US & Canada

Guantanamo Bay's youngest militant Omar Khadr jailed

Omar Khadr in a sketch from a courtroom at Guantanamo Bay
Image caption Omar Khadr pleaded guilty to five war crimes charges last week

A US military tribunal has sentenced a self-confessed Islamist militant to 40 years in jail on charges that include murdering a US soldier and conspiring to commit terrorist acts.

Canadian Omar Khadr, now 24, pleaded guilty to the charges at the Guantanamo Bay tribunal last week.

However, Khadr's plea deal limited his sentence to eight years.

Caught in 2002 at the age of 15, he is the fifth Guantanamo inmate to be convicted at the military tribunals.

A seven-member military panel deliberated for nearly nine hours over a two-day period before reaching its decision on Sunday.

Khadr admitted five war crimes charges, including conspiracy with al-Qaeda terrorists and murder in violation of the laws of war.

Under his plea deal, the native of Toronto is expected to be sent home to Canada after serving one year at Guantanamo Bay.

The widow of US Army Sgt First Class Christopher Speer, the soldier who Khadr admitted killing with a grenade in Afghanistan in 2002, cheered as the jury's decision was read out in the courtroom.

The US is the first country since World War II to prosecute a person at a war crimes tribunal for actions allegedly committed as a juvenile.

'Bad men'

In a statement accompanying last week's plea, Khadr acknowledged that he was ineligible for protection as a prisoner of war under the Geneva conventions because he was not a member of an organised regular fighting force.

He admitted to training for combat, building and planting bombs, attacking US troops in a firefight at a compound in Afghanistan in July 2002, and having worked as a translator for al-Qaeda and another militant faction.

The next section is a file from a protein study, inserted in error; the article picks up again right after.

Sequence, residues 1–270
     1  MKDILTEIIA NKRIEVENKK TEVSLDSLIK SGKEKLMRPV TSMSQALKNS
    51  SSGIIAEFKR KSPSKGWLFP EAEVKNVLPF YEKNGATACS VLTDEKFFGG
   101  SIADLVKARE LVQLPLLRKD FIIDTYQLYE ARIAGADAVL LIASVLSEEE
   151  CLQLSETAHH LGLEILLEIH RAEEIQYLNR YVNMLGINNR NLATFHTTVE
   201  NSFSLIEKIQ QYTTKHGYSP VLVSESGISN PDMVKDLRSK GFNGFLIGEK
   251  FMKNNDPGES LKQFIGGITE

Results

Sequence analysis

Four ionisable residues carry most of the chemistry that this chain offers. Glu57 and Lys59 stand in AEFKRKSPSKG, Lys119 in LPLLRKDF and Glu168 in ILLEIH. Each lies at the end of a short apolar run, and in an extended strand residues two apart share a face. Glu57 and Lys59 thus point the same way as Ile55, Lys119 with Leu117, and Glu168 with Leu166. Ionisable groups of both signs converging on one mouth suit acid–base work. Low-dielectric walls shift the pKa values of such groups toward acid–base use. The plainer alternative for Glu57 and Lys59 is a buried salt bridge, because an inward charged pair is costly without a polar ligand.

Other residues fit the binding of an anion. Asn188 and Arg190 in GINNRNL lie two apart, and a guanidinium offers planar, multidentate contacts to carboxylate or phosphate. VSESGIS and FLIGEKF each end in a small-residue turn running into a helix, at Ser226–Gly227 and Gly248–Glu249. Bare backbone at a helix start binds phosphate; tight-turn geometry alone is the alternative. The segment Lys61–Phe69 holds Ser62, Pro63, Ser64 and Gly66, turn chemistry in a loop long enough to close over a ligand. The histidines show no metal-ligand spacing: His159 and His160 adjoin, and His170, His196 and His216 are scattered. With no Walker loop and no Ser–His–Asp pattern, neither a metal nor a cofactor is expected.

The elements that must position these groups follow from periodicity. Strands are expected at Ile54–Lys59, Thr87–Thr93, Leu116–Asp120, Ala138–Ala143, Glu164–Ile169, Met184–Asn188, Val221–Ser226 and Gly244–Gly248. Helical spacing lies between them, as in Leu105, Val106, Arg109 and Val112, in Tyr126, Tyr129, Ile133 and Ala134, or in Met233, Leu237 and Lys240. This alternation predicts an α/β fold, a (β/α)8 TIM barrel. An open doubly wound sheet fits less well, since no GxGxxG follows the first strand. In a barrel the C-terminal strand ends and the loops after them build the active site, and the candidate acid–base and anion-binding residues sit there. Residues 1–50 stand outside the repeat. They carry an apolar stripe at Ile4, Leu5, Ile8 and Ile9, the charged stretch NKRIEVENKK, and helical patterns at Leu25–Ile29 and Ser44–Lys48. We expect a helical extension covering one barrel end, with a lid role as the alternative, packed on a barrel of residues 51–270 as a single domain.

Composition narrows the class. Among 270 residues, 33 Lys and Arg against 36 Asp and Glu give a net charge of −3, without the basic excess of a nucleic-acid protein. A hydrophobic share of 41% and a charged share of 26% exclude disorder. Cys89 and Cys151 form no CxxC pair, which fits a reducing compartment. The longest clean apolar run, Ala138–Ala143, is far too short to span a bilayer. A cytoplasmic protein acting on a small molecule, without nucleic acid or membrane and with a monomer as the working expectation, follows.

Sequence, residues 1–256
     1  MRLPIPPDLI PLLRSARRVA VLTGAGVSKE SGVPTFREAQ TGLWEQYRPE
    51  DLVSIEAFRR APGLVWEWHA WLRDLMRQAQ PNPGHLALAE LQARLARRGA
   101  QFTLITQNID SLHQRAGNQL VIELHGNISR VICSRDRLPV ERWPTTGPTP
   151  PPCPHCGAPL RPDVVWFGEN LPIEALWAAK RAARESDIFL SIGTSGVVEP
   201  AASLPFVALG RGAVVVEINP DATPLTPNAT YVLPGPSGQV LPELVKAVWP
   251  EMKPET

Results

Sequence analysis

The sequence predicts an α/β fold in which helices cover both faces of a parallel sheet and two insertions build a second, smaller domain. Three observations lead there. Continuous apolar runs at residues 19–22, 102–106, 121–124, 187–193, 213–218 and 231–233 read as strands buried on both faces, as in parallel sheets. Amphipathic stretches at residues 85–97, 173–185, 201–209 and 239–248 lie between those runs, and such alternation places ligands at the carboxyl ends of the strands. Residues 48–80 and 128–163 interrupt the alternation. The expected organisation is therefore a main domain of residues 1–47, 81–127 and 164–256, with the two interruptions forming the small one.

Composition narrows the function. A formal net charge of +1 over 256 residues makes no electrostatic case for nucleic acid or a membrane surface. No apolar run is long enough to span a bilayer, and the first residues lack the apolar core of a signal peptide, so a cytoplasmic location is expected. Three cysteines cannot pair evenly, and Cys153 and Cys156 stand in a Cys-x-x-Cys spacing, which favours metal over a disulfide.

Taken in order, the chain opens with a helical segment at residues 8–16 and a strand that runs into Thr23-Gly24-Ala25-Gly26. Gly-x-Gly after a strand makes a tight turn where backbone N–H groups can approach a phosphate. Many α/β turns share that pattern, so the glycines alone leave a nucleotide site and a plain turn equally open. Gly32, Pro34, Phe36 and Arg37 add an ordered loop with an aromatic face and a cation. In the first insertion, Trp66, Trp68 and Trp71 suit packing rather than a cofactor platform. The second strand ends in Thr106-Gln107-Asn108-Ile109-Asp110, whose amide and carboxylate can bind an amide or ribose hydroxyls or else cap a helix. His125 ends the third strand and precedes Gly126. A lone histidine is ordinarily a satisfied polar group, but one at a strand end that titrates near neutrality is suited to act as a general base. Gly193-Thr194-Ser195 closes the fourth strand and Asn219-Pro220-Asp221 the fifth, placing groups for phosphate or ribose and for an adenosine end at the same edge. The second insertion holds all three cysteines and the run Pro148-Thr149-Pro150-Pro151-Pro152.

Khadr, originally from Toronto, had lived in Pakistan and Afghanistan with his father Ahmad Khadr, described by US authorities as a high-level al-Qaeda militant with links to Osama Bin Laden. Ahmad Khadr was killed in 2003 in a firefight with Pakistani troops.

"Khadr indicated that his father made statements that the training was to be used in attacks against the Jews because the Jews are always fighting," the plea document stated.

Khadr also said he had been told about a $1,500 (£950) reward for each American killed.

"Omar Khadr indicated that when he heard about the reward, he wanted to kill a lot of [Americans] to get lots of money," the document said.

It added that no civilians or members of coalition forces had been injured or killed by bombs planted by Khadr and his team.

But it stated that during the fatal July 2002 firefight, Khadr could have surrendered.

Instead, he stayed to fight, throwing a grenade that killed Sgt First Class Speer. Khadr was wounded by US fire and captured at the conclusion of the battle.

Khadr's lawyers said he was a child soldier forced to fight by his family. They said he was a boy intimidated by "bad men" who ordered him into battle.

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